Invasion of the Megaplex
By John Branston
NOVEMBER 17, 1997: What the suburbs need is another movie screen.
Sure, like the inner city needs another pawn shop, you say? But that's the analysis of the people who build movie theatres around here. Suburbia is getting more multi-screen theatres, or "megaplexes," and they'll each have more screens than ever.
The latest movie monster is the theatre itself. Malco's 11-screen Majestic Cinema at Germantown Extended and Winchester, opening Friday, is the newest of the lot. Malco is already planning a five-screen addition to the Majestic next spring, in addition to opening eight screens at Wolfchase Galleria, 16-screen theatres in Collierville and Southaven, and renovating the Stage Cinema 12 near Bartlett.
With 150 screens at 16 sites in the Memphis area (all but four are outside the Interstate 240 loop), Malco has the lion's share of the movie business. But its main competietor is expanding, too, and mainly, like Malco, in the suburbs.
The Hollywood 20, the largest in the state so far, opened in October in Bartlett. It is owned by Ajay Theatres, which also plans a 20-screen theatre in Southaven and a 12-screen in Collierville. General Cinema operates smaller theatres in the Hickory Ridge Mall, Mall of Memphis, and Raleigh Springs Mall.
"Memphis still has some outdated four and five-screen theatres, but if you go to some place like Birmingham, the smallest is 10 screens," says Amberish Keshani, vice president of Ajay Theatres. "With four to six screens you can only hold a movie four or five weeks before you've got to make room for new movies. With 20 or 30 screens, you can hold movies until they come out in video and still make money."
A megaplex also provides insurance against movies that flop, as Keshani says Mad City, starring John Travolta and Dustin Hoffman, did last week. Another possibility, of course, is that megaplexes will have a lot of bad movies playing for a long time to empty houses.
If both Malco and Ajay follow through on all their plans, there will be more than 200 movie screens in suburban Memphis. Long-neglected Collierville, which has no movie screens, will suddenly have 28 of them. If there are roughly 400,000 suburbanites, the ratio of residents to movie screens will be about 2,000 to 1, whereas in Memphis, with 600,000 people, it's about 20,000 to 1--for now.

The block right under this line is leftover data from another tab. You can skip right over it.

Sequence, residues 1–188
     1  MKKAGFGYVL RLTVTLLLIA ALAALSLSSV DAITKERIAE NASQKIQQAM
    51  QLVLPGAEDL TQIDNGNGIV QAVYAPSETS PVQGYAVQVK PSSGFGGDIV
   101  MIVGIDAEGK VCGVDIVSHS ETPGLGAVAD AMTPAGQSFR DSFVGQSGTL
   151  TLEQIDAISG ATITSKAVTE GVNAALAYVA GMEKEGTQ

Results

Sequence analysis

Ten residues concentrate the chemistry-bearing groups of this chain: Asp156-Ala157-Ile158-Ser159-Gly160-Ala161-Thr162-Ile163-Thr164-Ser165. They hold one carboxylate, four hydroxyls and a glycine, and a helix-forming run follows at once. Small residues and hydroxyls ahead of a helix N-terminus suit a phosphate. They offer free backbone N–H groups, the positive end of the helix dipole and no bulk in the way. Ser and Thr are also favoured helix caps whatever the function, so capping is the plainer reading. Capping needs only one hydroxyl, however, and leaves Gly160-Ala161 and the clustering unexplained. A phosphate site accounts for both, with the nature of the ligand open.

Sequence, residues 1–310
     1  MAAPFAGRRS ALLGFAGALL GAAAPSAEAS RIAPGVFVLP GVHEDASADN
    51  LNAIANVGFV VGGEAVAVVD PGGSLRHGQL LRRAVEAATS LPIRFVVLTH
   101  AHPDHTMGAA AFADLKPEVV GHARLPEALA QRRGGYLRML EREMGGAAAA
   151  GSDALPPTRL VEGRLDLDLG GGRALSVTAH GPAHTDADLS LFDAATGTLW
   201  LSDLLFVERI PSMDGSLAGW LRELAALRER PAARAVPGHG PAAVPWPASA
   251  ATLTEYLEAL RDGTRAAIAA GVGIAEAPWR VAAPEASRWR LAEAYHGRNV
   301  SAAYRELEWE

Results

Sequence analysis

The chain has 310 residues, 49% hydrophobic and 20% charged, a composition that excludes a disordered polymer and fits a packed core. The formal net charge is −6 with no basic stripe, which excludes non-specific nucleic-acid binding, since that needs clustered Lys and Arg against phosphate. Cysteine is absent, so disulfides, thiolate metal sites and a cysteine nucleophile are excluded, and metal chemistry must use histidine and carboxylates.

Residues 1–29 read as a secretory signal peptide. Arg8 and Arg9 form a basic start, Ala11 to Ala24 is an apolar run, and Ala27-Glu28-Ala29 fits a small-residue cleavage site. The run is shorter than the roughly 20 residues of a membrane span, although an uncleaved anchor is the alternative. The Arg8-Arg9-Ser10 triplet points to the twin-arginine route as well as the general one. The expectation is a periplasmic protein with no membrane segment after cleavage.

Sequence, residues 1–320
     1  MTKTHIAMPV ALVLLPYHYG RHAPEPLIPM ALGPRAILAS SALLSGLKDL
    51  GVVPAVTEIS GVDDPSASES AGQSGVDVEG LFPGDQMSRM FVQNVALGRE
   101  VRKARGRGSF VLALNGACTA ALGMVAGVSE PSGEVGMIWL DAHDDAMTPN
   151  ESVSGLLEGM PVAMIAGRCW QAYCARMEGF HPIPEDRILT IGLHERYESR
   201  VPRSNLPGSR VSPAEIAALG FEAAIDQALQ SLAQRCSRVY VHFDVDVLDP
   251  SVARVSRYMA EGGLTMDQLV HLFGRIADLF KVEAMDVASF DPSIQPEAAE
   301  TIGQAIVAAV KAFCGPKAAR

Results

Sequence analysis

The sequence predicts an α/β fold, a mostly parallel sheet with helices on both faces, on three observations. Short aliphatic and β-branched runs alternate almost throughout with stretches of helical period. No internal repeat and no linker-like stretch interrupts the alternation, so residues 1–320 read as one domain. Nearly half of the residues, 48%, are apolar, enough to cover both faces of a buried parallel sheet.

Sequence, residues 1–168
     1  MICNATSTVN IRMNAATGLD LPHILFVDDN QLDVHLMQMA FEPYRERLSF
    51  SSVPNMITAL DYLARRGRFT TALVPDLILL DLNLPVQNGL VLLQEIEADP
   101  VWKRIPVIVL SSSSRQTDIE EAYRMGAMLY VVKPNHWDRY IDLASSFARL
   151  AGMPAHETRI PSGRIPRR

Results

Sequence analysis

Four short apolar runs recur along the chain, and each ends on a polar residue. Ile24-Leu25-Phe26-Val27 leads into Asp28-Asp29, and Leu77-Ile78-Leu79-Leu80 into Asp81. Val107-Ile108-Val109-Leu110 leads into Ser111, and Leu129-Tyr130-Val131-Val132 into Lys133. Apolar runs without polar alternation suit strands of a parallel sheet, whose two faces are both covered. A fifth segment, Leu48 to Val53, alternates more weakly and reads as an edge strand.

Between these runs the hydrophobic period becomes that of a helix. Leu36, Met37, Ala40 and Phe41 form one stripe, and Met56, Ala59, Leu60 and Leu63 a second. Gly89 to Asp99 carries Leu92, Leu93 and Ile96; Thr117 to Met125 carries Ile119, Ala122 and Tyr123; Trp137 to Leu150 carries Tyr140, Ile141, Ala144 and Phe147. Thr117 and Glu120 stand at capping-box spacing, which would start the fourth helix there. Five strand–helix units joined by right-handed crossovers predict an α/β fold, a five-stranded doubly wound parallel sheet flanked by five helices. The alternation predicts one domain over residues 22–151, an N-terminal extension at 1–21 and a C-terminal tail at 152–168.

"There is no room to build it in Midtown," says Keshani. "You need parking, and a good commercial location is 10 or 12 screens."
But relief is on the way for cinematically-challenged Midtown. Malco plans a five-screen art-house theatre in Overton Square called Studio on the Square, catering to patrons who don't want to mingle with the hordes at a megaplex. Overton Square plans a separate mainstream theatre called the Memphian.
"Its scope and size will be determined by the amount of parking we can put together," says Karl Schledwitz, developer of the New Overton Square.
A megaplex is also planned for Peabody Place downtown.
The megaplex was born in Dallas in 1995 when AMC Grand Cinema opened a then-unheard-of 24 screens in an industrial area of vacant land and old buildings. AMC Entertainment says it is attracting 3 million patrons a year. AMC Entertainment and United Artists are the two big hitters in the industry, and neither one has a presence in Memphis.
Typically, the theatres feature a steeper seating configuration called stadium seating, rocking chairs or LoveSeats with flip-up armrests, and a nearby food court. The idea is that patrons will make a night of it and take in more than one movie.
"All of our new theatres are going to be stadium seating," says Malco's Steve Lightman. "The big thing is heads won't be in your way and there is more foot and leg room with higher-backed seats."
Only three of Malco's theatres in the Wolfchase Galleria have stadium seating. Ajay Theatres missed the wave and is having to convert some of its theatres at Hollywood 20.
"Hollywood 20 was on our agenda since 1994, and at that time there was no such thing as stadium seating," explains Keshani. "After seeing the interest it generated, everybody went that way, but I was a little too far into the game."
At the Wolfchase Galleria this week, Malco's hottest offering was Starship Troopers, featuring an angry planet of large, nasty bugs. Such violent fare is well-suited to the theatre's big screen, stadium seats, and deluxe sound system.
"That was, like, the most dismemberments of any movie I've ever seen," said one patron.
"Too much gross," said another.
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